St. Anthony Summit recognized nationally for nursing quality, empowering work environment | SummitDaily.com

St. Anthony Summit recognized nationally for nursing quality, empowering work environment

Pictured on Thursday, Oct. 24, some members of the St. Anthony Medical Center nursing staff in Frisco, Colo. The hospital recently received the American Nurses Credentialing Center (ANCC) Pathway to Excellence designation.
Liz Copan / ecopan@summitdaily.com

FRISCO — Nurses are the backbone of any hospital. They do all the round-the-clock care for patients — everything from maintaining the emotional and physical wellbeing of patients at their bedside, to stepping at a moment’s notice to conduct mass casualty triage, making critical decisions under extreme pressure to save lives.

Considering how much a hospital relies on the quality of its nurses to succeed, St. Anthony Summit Medical Center has worked to retain the talented nurses they do, who in turn choose to work there for the environment the hospital has created for them.

Now, the hospital has evidence of its high nursing quality and empowering workplace. St. Anthony has received the Pathway to Excellence designation from the American Nurses Credentialing Center, which certifies St. Anthony Summit as one of the best hospitals in the nation for nurses to work. St. Anthony is only one of two Centura Health hospitals to receive the designation.

The designation identifies the elements of interprofessional work environments where nurses can flourish and feel empowered. The designation is based on the confirmed presence of six Pathway to Excellence Practice Standards: shared decision-making, leadership, safety, quality, well-being and professional development.

The standards are partly assessed through anonymous surveys of nursing staff at hospitals, with at least 60% participation required and at least 75% of participants required to respond positively on the standards assessment for a hospital to qualify for the designation.

The standards assess nurse satisfaction in the workplace, retention of quality nursing staff and leaders, collaborative strength and teamwork, quality of nursing care and safety standards. Overall, it paints a picture of a hospital as a great place for nurses to work and thrive.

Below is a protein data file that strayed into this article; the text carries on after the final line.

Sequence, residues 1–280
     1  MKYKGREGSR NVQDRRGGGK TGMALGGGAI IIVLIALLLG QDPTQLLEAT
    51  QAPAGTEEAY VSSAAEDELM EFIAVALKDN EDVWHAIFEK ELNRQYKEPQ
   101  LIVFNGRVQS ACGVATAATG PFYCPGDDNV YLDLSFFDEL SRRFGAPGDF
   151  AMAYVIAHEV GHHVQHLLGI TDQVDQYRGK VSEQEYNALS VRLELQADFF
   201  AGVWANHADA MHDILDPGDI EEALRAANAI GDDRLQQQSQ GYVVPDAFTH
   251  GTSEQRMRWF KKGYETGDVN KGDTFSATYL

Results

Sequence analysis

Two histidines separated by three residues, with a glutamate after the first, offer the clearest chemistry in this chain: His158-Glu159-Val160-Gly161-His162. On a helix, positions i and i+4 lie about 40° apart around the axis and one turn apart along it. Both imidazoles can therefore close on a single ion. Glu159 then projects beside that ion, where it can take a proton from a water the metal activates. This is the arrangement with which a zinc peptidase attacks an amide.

Danielle Hughes, St. Anthony’s Director of Nursing Services, said that the shared decision-making at St. Anthony makes her and other nurses at the hospital feel welcome and appreciated, and strengthens nurse recruitment and retainment at the hospital. She said that she and her staff feel they are comfortable communicating questions and concerns among each other, lending to a healthy work environment that empowers hospital associates.

“The closer you are to making decisions at the point of care, the better the outcome,” Hughes said. “It sets us up to be successful. That is the key to the Pathways designation, that everybody feels their voice will be heard.”

St. Anthony Communications Advisor Brent Boyer said that the Pathway designation is not permanent, but must be re-evaluated every four years to ensure compliance and application of current best practices. That means there is no room for the hospital to rest on its laurels; the quality, reliability and satisfaction of the hospital’s nursing staff must be maintained and periodically ready to show examples of their excellence and effectiveness.

“It’s really exciting for us,” Boyer said. “It was a Herculean effort by everyone to achieve it. We know the excellent nurse environment we have here. It validates what we know to be true about ourselves, but also feels good to be recognized externally. Nursing is not an easy job, and the designation proves the high quality of our caregivers here.”


Start a dialogue, stay on topic and be civil.
If you don't follow the rules, your comment may be deleted.